The lost art of getting away from it allby
As the divide between work and real life becomes increasingly blurred, Philip Fisher advocates severing links with the office this summer to boost long-term productivity.
If you can ever be bothered to read the guidance regarding extending the life of a mobile phone, one of the suggestions is to completely turn off the unit while recharging. As the holiday season moves into full swing, accountants could do worse than take this advice to heart.
Fifty years ago, an averagely affluent accountant would probably have taken a couple of weeks off in August to enjoy a well-deserved break in Spain or Italy or attempted a holiday that was a little more exotic in the Americas.
The cost of international telephone calls was prohibitive, while beyond carrier pigeons, the postal service and telegrams the only other means of communication were the new-fangled fax or telex. In other words, once an accountant was on holiday, he or she could forget about problems in the office for the duration.
Even a decade ago, some of us could skip the country and lie by the pool/climb a mountain/walk round the museum knowing that a call or email from the office was unlikely to spoil the fun.
In many ways, the advent of the pandemic has improved the quality of working life, redressing what was often a skewed work-life balance in favour of life – yippee.
We were no longer tied to desks in cramped office spaces that could only be reached at the end of claustrophobic commutes. Two or three days a week of homeworking has become the norm, with great opportunities to re-engage with the family, walk the dog and be available on the off-chance that the engineer from your internet provider will actually turn up on the day allotted.
It’s hard to believe that any of us would want to go back to the daily grind of 9-to-5 office working having tasted the pleasures of relative freedom, which as a welcome bonus often results in higher productivity, when properly managed.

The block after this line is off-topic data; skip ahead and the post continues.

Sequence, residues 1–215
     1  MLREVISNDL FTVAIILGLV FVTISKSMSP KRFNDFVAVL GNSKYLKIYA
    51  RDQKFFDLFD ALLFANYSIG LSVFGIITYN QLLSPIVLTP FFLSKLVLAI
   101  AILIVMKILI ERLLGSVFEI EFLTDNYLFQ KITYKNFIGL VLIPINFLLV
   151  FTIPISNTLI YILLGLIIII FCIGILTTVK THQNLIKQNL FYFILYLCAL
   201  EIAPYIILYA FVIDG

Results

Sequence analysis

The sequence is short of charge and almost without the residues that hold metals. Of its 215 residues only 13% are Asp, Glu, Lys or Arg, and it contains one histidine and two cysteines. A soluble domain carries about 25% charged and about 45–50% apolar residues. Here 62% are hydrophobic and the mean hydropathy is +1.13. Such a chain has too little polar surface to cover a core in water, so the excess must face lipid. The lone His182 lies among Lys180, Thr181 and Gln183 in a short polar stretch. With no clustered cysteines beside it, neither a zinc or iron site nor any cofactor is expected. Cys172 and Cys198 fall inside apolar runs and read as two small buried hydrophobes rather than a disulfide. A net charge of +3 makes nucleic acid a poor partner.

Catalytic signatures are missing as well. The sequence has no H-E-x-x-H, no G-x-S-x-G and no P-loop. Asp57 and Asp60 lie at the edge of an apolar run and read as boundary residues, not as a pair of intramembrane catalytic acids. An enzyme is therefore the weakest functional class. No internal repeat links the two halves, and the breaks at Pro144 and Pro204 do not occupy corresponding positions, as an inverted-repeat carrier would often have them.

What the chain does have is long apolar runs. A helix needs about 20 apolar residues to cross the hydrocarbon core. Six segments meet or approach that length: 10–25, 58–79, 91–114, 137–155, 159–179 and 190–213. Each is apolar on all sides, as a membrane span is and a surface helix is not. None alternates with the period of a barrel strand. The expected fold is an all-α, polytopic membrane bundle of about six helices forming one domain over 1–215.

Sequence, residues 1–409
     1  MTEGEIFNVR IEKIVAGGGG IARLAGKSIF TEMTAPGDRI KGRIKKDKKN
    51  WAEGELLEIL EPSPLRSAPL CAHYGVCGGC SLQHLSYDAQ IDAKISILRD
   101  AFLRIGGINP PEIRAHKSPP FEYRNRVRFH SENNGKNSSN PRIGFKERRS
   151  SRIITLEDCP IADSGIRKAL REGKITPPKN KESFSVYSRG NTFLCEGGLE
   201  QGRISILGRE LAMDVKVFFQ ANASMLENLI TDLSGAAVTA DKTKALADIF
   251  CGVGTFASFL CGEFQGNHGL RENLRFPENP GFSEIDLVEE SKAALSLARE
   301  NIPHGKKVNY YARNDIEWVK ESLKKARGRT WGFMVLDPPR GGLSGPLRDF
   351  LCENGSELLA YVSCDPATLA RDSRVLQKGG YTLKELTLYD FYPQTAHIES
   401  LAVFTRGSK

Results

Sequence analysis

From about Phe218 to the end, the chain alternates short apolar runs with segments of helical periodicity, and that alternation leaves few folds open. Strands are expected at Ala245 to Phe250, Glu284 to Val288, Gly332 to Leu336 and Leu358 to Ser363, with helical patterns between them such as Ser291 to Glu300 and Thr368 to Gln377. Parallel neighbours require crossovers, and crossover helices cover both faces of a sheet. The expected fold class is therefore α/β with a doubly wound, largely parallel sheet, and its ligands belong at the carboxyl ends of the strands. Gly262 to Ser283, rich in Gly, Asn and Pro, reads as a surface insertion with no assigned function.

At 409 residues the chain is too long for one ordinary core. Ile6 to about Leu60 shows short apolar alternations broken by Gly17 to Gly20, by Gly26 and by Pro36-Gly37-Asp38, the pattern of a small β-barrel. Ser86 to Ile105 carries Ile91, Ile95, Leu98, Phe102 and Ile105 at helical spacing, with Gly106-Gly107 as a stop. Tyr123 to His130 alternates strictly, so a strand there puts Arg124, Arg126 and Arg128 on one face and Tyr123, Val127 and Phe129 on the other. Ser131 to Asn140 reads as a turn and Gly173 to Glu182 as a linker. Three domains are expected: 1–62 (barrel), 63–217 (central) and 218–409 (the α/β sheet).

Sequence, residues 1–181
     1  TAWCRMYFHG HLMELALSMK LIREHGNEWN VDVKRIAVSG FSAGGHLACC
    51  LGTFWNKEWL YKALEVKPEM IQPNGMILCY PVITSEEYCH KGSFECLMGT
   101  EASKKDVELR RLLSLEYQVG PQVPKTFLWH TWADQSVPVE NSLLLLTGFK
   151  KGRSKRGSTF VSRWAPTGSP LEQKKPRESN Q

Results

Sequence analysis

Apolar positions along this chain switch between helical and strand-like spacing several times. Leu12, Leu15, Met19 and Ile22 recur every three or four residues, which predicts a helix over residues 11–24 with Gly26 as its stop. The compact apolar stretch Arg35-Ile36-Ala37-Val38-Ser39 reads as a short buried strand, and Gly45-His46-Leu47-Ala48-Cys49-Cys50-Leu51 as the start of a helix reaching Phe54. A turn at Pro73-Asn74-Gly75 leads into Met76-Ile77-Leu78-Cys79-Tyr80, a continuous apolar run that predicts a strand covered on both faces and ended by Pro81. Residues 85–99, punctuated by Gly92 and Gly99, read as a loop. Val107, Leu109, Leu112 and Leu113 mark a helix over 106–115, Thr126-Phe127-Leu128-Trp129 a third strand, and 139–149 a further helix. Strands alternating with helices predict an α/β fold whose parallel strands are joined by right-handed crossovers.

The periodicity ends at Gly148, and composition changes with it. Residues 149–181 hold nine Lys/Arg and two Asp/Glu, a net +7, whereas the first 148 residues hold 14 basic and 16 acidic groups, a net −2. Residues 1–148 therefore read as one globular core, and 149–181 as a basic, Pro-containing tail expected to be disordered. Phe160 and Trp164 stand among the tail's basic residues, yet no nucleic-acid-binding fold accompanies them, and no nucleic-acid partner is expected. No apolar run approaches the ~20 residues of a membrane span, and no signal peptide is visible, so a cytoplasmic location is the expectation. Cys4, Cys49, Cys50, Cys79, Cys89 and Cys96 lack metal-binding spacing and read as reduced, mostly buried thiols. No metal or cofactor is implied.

The flipside to this argument comes during the holiday season. Clients have become used to contacting their obliging accountants at any time of the day or night seven days a week. While many have the grace to preserve the decencies, some will undoubtedly take advantage, seemingly just for the hell of it.
We all understand that when a major transaction is taking place, particularly if there is an international element, 9-to-5 gets blown out of the water and you may need to be on call around the clock for a few days or even weeks. That is not the same as having some bolshy client who always kicks up a rumpus over heavily reduced fees calling you just as the test match or EastEnders is hotting up on a Sunday afternoon, merely to demand a £200 deduction in their tax return, which would be classified as fraudulent if HMRC still looked into such things with appropriate diligence.
That kind of problem is multiplied in a manner that is colloquially referred to as exponentially if you have the temerity to take a two-week holiday in August, at a time when nothing of significance ever happens to the average accountant or his or her client.
Absent and uncontactable
This accountant’s rule of thumb has always been that he will (somewhat reluctantly) be willing to sort out a few minor issues on the first day of a holiday, typically spent at airports or on trains but, thereafter, his status should be marked down as absent and uncontactable. This seemed like a fair compromise, not leaving people in the lurch but allowing one to turn off completely.
Regrettably, in the days of mobile phones, tablets and global internet coverage, far too many of us may be tempted to take a sneaky look at office email accounts or answer a call that we know comes from a client or colleague and will almost certainly turn out to be something that could easily have been resolved on our return.
This August, be strong. Ignore the urge and leave your office phone and tablet or laptop at home. Enjoy your holiday and return to the office refreshed and invigorated for the long haul up to Christmas.
There is a valid alternative – but it could easily lead to divorce, nervous breakdown and enforced early retirement.